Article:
Furthermore, lockdowns have increased the pressure on business over the past month. Falling demand may have forced them to lay people off or have people work fewer hours. The government introduced a new federal program called disaster payment, which compensates workers for lost hours of work as a result of lockdown measures. As such, the government tries to prevent a larger drop in demand as a result of decreasing household income. The increasing search interest for disaster payment, as illustrated by figure 4, is an early indication that a growing number of workers is interested in the disaster payment, because they are experiencing a reduced number of work hours, or they feel lower job security as result of the lockdowns. This is likely an early signal of rising unemployment, which will drag on the economic recovery in the remainder of the year.
Based on the arguments explained above, we have revised our economic forecast for 2021 downwards (see Table 1). The economy will take a step back in Q3 and show lower than anticipated growth in Q4, due to the economic spillover effects of the current wave of, and projected, infections. Nonetheless, we expect the economic impact of this second wave to be more muted than seen in the past year, as society has largely found a way of dealing with Covid-19 restrictions. Furthermore, we expect a strong rebound when restrictions are lifted, as we have experienced before.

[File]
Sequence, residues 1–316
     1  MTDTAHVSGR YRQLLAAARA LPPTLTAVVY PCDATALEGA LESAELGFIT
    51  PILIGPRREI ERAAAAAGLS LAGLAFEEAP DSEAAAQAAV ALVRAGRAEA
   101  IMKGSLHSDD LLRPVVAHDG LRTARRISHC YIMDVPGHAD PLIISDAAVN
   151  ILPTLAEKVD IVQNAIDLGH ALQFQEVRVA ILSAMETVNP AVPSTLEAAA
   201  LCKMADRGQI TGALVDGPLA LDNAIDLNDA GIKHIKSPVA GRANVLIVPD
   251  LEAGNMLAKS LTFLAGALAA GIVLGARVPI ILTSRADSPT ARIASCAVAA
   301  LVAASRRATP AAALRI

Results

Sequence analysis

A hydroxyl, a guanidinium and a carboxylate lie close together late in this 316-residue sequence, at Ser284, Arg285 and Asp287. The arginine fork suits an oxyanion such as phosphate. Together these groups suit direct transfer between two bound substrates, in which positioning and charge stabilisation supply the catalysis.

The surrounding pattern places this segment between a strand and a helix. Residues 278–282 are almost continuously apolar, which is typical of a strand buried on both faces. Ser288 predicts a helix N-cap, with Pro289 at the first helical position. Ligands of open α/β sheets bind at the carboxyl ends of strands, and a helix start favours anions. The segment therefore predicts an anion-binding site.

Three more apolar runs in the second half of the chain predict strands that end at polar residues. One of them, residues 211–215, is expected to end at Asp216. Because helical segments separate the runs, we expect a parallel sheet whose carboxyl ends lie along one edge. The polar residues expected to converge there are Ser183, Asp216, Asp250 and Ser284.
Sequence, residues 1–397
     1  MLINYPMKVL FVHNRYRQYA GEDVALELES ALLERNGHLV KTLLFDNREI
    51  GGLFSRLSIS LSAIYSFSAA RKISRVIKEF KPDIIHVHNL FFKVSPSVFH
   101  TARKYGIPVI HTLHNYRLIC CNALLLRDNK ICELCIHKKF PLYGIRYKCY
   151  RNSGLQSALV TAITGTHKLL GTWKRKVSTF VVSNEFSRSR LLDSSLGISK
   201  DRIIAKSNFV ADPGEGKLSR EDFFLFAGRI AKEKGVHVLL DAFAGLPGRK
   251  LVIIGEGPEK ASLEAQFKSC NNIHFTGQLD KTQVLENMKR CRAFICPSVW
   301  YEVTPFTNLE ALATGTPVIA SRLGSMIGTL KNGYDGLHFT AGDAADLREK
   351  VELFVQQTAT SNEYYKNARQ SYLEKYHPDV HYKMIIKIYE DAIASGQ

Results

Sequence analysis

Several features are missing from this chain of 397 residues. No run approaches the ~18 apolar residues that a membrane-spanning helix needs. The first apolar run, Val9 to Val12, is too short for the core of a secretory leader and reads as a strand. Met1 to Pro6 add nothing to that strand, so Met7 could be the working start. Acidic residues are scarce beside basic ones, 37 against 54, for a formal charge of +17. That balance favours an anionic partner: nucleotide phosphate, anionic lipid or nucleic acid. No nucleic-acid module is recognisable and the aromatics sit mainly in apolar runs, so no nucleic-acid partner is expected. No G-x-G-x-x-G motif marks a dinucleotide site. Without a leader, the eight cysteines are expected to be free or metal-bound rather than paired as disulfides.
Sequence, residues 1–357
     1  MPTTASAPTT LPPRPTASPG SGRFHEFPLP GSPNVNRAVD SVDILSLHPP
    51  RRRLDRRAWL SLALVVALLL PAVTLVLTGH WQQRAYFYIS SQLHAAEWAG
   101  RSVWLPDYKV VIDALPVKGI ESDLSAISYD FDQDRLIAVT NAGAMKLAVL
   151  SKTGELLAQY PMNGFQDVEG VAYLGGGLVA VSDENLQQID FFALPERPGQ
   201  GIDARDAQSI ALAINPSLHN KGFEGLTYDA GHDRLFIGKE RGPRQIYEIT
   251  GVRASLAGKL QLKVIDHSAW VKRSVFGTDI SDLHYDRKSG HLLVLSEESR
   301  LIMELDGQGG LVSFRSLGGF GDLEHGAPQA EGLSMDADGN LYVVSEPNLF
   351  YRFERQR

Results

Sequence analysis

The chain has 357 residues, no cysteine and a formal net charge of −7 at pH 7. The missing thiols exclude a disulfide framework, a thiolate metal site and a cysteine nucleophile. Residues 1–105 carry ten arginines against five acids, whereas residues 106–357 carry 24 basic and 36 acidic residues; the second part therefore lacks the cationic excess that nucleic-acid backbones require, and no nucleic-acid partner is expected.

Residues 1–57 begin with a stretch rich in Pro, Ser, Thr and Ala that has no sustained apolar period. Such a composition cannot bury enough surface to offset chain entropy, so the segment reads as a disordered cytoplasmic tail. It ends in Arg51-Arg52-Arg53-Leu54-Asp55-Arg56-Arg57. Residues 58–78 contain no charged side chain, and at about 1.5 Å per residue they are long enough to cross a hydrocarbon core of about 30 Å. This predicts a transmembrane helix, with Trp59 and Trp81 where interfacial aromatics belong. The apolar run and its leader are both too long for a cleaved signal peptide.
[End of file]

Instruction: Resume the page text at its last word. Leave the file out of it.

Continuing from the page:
What is the RBA’s Reaction?
The RBA decided to maintain the reduced pace of asset purchases (AUD 4bn a week) in August instead of announcing an increase. This seems counter-intuitive. However, the minutes of the monetary policy meeting reveal that the board judges that additional bond purchases will have a greater impact at a later stage, when resumption in economic activity is well underway. According to the board: ”fiscal policy is a more appropriate instrument than monetary policy for providing support in response to a temporary, localized reduction in incomes”. As described, Figure 4 not only confirms the need for these temporary fiscal measures by the government but also implies higher unemployment in the coming months, which is exactly the opposite of the RBA’s desire to see a tighter labor market in order to support, lower than desired, wage growth. Surprisingly, the unemployment rate fell last month, but underlying figures, like the participation rate, hours worked and the underemployment rate reveal a more grim outlook. Altogether, we expect the Central Bank to employ a dovish tone again in the coming months. Especially when we take into account its warning that the RBA “would be prepared to act in response to further bad news on the health front”. This has obviously been the case since their meeting on August 3.